Rose works as a typist in a shabby police precinct in 1920’s New York City. She’s made a lifetime of being plain and unremarkable, stiff and Victorian and out of place thanks to her upbringing by nuns in an orphanage. All this changes the second that the glamorous and mysterious Odalie joins the staff at the precinct as a typist.
It doesn’t take long for Rose to become obsessed with Odalie, nor for the two of them to become roommates. Soon Rose is pulled into Odalie’s world of speakeasies, dark secrets, and shady dealings.
Rindell spins out tension masterfully. Certain facts about Rose fall into place one by one–that we are in the future, that she is seeing a doctor who wants her to write these events down, and that Rose has done something for which she feels she must defend herself. All the hallmarks of an unreliable, unsettled (and unsettling) narrator. You also learn a lot about Odalie, and are uncovering clues and lies just as Rose does about her rather dark past.
What I like about Rose is that she’s unlikeable from the outset, more than simply just being plain and misunderstood. Because she’s so unreliable you have to read between the lines to decide whether she’s truly nuts or not. The epilogue raises a few questions and confusions about the story and the ending, such that you can decide for yourself what’s going on with stolen identities and personal obsessions and secrets. Rose is a wonderful, strange character at odds with her time and place, and it comes through in much of the narrative.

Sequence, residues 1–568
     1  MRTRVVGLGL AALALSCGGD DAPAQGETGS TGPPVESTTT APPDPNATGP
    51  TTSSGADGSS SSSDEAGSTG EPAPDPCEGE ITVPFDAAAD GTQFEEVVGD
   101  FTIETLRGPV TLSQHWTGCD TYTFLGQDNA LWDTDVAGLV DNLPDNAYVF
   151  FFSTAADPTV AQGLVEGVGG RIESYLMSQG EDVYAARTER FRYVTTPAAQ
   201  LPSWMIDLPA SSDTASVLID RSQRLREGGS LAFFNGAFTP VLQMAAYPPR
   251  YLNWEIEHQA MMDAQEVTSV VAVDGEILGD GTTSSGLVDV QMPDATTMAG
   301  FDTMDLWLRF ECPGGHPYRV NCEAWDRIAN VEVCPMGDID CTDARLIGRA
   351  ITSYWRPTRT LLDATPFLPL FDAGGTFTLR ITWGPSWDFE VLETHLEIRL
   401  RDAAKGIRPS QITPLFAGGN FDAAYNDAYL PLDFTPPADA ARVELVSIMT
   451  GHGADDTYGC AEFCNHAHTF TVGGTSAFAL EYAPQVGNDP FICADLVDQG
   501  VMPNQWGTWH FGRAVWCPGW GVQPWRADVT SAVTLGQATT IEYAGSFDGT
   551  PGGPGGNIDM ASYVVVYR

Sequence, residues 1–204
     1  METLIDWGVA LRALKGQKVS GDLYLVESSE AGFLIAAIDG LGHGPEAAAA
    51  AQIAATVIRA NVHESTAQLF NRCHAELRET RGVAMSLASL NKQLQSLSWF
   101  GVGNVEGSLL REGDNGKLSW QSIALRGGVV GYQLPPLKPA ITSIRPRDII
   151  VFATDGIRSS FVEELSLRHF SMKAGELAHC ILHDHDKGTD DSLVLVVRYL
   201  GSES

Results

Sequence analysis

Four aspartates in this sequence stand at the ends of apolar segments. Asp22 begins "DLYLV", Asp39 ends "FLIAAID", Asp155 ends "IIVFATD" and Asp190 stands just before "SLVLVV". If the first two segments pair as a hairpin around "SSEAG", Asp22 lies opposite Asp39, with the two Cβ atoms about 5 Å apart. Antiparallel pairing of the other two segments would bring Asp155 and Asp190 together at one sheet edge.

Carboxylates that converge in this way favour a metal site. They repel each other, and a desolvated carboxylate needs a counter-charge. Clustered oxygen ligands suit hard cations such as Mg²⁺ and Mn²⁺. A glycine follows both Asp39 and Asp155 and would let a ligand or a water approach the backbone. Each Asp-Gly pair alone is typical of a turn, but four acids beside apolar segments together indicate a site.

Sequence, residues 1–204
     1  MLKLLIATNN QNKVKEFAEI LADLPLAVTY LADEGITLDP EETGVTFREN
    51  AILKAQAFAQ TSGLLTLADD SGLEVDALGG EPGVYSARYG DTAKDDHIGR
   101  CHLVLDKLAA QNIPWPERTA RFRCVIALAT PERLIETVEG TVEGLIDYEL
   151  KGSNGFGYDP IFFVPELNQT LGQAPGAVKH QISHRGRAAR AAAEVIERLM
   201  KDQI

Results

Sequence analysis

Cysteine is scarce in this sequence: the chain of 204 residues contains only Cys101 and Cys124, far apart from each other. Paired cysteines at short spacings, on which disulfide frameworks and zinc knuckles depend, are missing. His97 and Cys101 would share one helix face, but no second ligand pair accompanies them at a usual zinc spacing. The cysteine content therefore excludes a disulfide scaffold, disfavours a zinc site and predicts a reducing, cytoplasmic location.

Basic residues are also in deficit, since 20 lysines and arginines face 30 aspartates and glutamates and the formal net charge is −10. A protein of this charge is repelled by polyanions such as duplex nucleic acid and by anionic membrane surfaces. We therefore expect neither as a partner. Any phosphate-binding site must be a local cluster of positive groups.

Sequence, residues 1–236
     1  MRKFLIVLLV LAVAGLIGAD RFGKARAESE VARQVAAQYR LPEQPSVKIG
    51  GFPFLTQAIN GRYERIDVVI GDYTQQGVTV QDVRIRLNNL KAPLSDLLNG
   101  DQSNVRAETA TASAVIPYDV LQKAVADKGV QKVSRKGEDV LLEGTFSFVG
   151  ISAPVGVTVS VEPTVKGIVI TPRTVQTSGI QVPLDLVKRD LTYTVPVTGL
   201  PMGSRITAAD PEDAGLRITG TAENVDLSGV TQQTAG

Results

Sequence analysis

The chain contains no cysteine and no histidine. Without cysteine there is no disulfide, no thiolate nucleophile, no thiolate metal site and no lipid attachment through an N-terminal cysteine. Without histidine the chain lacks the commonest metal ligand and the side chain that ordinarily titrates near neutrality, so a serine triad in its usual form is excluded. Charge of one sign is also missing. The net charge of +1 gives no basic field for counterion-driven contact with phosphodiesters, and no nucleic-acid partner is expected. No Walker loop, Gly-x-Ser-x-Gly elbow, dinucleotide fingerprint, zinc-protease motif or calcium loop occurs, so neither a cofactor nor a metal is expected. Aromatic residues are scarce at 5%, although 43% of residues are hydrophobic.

The atmosphere and sense of place are both incredible in this novel–1920’s New York comes alive. There’s more than one nod to works like The Good Soldier (is Rose crazy, or a betrayed person worthy of our sympathy?) and The Great Gatsby (Odalie is, in many ways, a female Jay Gatsby). The writing gets more intense and compelling the further into the story you go.
Right off the bat this reminded me of Eileen by Ottessa Moshfegh in terms of the narrative style and our narrator’s personality. I also thought of Patricia Highsmith’s The Price of Salt, and, of course, The Talented Mr. Ripley. I think The Paying Guests by Sarah Waters might also appeal to people who liked The Other Typist, if you particularly enjoy the atmosphere and relationship between Rose and Odalie. Give The Great Gatsby by F. Scott Fitzgerald a try (or a re-read!), too, if you enjoyed this book.